July 2011

Issue link:

Contents of this Issue


Page 49 of 171

benchwrenching By Paul Glaves Where Did They Hide The Valves? SOMETIMES A MECHANICAL JOB turns out to be a bit more tedious than expected. It is now early May and we are leaving for the International Rally in Bloomsburg, Pennsylvania. Admittedly we are taking the very long way to get there. Voni’s F800S was due for a valve clearance check and adjustment as necessary. It was time to get out the repair manual and dig in. This was, to me, a new procedure on a new bike. I have always believed that on BMW motorcycles, maintenance is 90 per- cent fundamental mechanics and only 10 percent model specific. I still believe that, but the 10 percent can sometimes be quite entertaining. The F800 series motorcycles are part of a new trend in BMW motorcycles. Unlike either the horizontally opposed twin-cylin- der bikes or the on-their-side classic K bikes, the F800 series motorcycles have a more or less vertical cylinder orientation with a bit of forward lean. This fundamental engine orientation has been in use for a very long time, including many early British, Japanese and other motorcycles. It is also the basic orientation used on the later K series BMW bikes, including the K1200, K1300 and now the K1600 six-cylinder motorcycles. It isn’t just the engine orientation that makes these motorcycles different. That isn’t a fuel tank ahead of the seat. That is the battery and air box and several other things. The fuel tank is under the seat where the battery and air box and several other things used to be. To those accustomed to maintaining their opposed twin or classic K bikes, these bikes are different. I think we need to get used to that. As with many current BMW models, step 1 is to remove the body pieces to work on that which is hidden beneath the plastic. To simplify re-assembly I use a muffin bak- ing pan, which I abducted from the kitchen. It has 24 spots to keep fasteners segregated as I go. For big jobs I dig out a second muf- fin pan I keep in reserve. BMW uses enough different length fasteners of the same diam- eter, and different head styles that keeping track of them is important. 48 BMWOWNERS NEWS July 2011 made my Torx driver either too long or too short to conveniently loosen them. But perseverance prevailed. There were several Aha! The air box. I know the valves are down there somewhere. When the plastic body panels are off, you can proceed. For a valve check or adjust- ment on the current BMW upright-engine motorcycles, proceed means try to find the valve cover. This requires that the battery be removed. Then the air box can be removed. Three hoses several electrical connectors must then be disconnected. To keep track of what will need to go back where it came from, I take a lot of digital pictures. They are not artwork for sure, but do provide a useful reference if needed. It looked to me as if I could skip a couple of steps outlined in my Haynes manual, includ- ing “dismount radiator” and “remove front heat shield.” I’ll comment more on this in a moment. As soon as the air box was removed, I could at least see the valve cover. The forward fas- teners were difficult to access. Had the bolts been Allen head bolts, it would have been easy to use a “ball end” Allen wrench to remove them. But they were Torx head bolts and their location additional impediments to the removal of the valve cover. First the throttle cable needed to be discon- nected and moved out of the way. Then the clutch cable needed to be discon- nected and moved out of the way. Finally, portions of the wiring harness and some connections needed to be moved out of the way. The process would have been a little easier if I had believed the Haynes manual and just moved the radiator and heat shield, but I didn’t know the end of that tale yet either. Eventu- ally I was able to squeeze the valve cover out. Clearance between the cover and the insulation along the frame rails was scant, if not nonexistent. Then the final surprise. The Haynes manual was correct. I couldn’t find any way to insert a feeler gauge to measure the exhaust valve clearance except by reaching in from below and ahead of the engine. This The valve cover is visible once the air box is removed.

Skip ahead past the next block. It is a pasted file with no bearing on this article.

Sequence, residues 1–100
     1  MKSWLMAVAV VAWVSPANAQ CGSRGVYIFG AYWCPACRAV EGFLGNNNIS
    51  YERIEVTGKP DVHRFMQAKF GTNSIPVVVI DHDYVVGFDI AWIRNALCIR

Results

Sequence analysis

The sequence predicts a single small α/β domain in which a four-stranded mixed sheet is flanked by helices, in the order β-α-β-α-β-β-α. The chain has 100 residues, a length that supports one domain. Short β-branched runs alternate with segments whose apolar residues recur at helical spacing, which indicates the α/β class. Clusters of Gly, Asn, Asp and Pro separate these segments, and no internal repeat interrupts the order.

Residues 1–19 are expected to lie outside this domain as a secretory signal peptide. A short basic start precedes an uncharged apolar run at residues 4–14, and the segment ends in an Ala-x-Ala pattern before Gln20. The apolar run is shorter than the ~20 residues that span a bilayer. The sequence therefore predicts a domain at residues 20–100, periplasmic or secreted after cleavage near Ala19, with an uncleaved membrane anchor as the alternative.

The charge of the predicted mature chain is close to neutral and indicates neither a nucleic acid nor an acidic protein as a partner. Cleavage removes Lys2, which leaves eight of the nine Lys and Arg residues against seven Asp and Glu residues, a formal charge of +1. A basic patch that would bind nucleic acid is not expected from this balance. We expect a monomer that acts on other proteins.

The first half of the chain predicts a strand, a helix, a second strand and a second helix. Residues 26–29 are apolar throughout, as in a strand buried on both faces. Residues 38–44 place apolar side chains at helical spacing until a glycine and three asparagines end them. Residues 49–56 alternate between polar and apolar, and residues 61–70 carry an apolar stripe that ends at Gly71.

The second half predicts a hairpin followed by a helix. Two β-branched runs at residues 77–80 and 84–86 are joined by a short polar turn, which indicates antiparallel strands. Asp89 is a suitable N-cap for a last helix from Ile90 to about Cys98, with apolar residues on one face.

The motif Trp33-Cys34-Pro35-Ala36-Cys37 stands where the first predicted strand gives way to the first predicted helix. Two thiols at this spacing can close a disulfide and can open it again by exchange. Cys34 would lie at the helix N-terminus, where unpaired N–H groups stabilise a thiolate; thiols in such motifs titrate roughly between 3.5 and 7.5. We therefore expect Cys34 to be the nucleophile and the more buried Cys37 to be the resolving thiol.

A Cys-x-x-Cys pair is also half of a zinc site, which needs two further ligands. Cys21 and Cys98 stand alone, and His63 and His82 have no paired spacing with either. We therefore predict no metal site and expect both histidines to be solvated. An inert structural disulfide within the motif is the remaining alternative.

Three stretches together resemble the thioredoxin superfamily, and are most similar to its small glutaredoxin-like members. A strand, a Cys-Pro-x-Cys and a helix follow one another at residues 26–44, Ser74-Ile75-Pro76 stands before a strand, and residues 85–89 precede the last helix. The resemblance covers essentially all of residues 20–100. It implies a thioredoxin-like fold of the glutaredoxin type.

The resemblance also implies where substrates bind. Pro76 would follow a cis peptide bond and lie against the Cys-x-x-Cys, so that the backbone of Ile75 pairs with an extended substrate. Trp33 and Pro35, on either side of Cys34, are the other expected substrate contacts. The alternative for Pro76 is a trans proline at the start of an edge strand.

Articles in this issue

Archives of this issue

view archives of BMW - July 2011